“Staff of the disbanded Dacca secretariat was transferred en masse to Patna, thus artificially creating a Bengali middle and lower-middle class in Bihar. This, in turn, created anti-Bengali sentiments in the emergent Bihari petty-bourgeoisie similar to those that were to spread in Assam much later. The adoption of the nom de plume 'Ghose-Bose-Bannerjee-Chatterjee' by a popular Hindi humorist is but one of the many innocuous expressions of the anti-Bengali feeling,” Das wrote in The Republic of Bihar.

This doesn’t mean that a sizable Bengali community was not present in Bihar before this influx. It was for obvious reasons of geographical contiguity and economic imperatives. In fact, in the nineteenth century, the Bengali community in Bihar was so conscious of its distinct interests that a periodical, Bihar Herald, was launched in 1872 to articulate its interests.

Interestingly, at the same time, the emergent press in Bihar played a significant role in the campaign demanding the separation of Bihar from the Bengal Presidency, as the historian Sumita Singh noted in Role of the Press in the Creation of Separate Bihar.

One also can’t overlook the common grounds that Bihar and Bengal have found beyond political and administrative divisions. Until 2000, when Jharkhand was created, Bihar shared its southern border with Bengal. It still shares a part of its northeastern border with Bengal, which means that the people of the two regions remain close geographically. The cultural exchange can be seen in how the Maithili language and literature of north Bihar has interacted with Bengali language and literature to form the literary language called Brajabuli. The great Maithili poet Vidyapati’s influence on Bengali poets, including Rabindranath Tagore, is well known.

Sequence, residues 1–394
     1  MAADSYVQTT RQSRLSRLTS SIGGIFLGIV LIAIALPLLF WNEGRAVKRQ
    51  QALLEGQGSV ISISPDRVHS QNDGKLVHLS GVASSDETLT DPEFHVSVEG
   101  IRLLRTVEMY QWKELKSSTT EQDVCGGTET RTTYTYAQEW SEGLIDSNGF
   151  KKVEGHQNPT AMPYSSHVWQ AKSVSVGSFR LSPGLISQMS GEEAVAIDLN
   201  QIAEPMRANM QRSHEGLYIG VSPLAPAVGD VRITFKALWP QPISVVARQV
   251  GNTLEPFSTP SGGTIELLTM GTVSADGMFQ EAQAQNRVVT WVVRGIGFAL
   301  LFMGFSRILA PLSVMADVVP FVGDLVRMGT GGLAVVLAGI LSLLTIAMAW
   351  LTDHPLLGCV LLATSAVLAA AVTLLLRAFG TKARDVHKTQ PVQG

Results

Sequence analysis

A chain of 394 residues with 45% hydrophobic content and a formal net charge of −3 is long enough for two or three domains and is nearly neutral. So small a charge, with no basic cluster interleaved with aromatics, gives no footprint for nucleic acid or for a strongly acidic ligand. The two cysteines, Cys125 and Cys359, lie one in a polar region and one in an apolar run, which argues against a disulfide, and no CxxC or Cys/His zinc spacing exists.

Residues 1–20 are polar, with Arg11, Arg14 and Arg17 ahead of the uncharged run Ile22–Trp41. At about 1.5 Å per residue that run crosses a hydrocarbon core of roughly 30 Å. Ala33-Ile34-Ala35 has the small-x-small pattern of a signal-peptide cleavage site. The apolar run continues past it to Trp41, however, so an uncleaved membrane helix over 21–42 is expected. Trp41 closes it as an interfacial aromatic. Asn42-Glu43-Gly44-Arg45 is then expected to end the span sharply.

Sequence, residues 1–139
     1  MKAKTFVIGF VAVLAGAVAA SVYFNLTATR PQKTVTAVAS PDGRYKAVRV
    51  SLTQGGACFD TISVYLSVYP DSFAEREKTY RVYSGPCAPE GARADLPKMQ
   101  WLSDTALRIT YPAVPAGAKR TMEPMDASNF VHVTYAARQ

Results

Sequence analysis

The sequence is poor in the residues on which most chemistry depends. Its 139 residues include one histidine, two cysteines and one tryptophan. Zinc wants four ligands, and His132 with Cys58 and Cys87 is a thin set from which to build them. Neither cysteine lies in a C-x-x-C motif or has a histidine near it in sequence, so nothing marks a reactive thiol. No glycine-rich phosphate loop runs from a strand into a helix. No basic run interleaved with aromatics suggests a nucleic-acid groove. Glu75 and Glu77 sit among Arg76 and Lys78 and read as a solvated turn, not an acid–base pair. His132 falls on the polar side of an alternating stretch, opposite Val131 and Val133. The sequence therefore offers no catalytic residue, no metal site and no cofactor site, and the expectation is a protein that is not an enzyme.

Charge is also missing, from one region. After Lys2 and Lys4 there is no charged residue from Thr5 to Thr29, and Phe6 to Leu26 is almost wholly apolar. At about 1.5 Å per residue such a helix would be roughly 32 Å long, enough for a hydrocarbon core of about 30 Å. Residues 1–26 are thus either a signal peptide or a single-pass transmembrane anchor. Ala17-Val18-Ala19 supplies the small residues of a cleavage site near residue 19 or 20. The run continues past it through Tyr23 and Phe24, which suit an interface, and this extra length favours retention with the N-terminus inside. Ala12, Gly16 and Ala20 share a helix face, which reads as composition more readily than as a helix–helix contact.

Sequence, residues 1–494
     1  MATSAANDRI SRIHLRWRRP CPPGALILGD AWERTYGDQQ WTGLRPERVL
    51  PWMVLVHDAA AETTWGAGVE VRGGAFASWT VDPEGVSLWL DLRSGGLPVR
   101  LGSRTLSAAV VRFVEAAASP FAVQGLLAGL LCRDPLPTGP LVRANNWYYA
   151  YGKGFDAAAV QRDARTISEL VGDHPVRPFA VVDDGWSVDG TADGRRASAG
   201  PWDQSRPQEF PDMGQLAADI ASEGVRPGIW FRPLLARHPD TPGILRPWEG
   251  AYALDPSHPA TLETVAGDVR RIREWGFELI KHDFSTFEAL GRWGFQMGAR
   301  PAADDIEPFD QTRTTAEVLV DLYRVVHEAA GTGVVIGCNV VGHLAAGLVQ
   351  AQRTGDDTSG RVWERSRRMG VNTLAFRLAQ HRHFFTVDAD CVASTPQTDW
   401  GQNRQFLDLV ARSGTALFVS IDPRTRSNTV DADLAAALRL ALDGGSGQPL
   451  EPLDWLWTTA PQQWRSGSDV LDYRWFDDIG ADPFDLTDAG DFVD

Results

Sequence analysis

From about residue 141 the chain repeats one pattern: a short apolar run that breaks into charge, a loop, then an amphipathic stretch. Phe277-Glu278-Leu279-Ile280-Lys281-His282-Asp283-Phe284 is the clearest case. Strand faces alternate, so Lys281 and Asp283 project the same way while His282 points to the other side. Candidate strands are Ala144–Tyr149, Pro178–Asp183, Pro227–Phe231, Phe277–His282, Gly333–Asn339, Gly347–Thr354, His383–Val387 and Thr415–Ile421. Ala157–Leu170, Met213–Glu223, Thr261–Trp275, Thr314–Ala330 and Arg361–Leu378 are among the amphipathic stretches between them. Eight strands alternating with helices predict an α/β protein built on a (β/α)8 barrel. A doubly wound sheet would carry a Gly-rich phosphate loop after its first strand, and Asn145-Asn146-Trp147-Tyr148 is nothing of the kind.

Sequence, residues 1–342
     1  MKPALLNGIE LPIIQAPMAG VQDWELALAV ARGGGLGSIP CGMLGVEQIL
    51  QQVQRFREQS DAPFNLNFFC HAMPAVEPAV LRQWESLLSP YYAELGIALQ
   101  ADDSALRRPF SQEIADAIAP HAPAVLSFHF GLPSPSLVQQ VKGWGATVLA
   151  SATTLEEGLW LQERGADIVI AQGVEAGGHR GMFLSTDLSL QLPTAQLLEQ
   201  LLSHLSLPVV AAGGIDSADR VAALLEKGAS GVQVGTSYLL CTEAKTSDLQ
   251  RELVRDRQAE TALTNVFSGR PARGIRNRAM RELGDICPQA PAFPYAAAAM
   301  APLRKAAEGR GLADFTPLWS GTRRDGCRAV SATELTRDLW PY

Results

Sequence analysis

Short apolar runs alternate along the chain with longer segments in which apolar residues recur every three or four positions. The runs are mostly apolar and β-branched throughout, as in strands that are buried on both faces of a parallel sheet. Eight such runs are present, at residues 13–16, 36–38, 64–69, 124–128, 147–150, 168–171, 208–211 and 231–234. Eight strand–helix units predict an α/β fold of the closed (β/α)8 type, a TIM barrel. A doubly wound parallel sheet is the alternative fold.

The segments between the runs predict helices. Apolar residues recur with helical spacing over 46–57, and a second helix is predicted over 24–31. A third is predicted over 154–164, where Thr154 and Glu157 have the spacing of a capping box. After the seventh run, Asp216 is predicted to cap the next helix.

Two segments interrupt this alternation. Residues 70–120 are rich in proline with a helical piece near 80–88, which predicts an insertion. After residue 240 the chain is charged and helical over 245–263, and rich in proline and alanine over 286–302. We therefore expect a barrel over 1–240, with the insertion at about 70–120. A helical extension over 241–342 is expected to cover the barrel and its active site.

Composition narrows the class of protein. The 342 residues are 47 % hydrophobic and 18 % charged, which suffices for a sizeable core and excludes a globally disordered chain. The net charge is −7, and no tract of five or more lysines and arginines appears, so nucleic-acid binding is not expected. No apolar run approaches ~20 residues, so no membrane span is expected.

The movement of people between the two regions has also shaped the Bihar-Bengal encounter. Dr Sachidanand Sinha and Dr Rajendra Prasad, two of the most important figures in the sociopolitical life of modern Bihar, went to Calcutta for higher education and spent early phases of their scholarly and professional lives there. Similarly, Raja Ram Mohan Roy and Dr Bidhan Chandra Roy, two outstanding figures in the history of modern Bengal, received some of their early education in Bihar. Roy, an eminent doctor who became one of the most influential figures in post-Independence politics in Bengal, was, in fact, born in Patna.

In many ways, cultural expressions of the Bihar-Bengal encounter can be seen in multiple strands of historical evolution, particularly those emanating from the more recent colonial past. It’s in such a context that the anxieties expressed by Bihari women through folk music can be better understood in their actual as well as metaphorical shades. That would be a crucial exercise in historical understanding. The more immediate concern, however, is the use of regional stereotypes in the Bhojpuri pop for creating risqué themes and titillation.

This is the first part of a two-part article looking at the commentary on the responses to Sushant Singh Rajput’s death. The first part discusses the absence of historical context in portraying folk songs as a “Bihari culture” of the vilification of Bengali women. The second part will deconstruct the argument that attitudes to the inquiry into the actor’s death reveal a "toxic” Bihari family structure.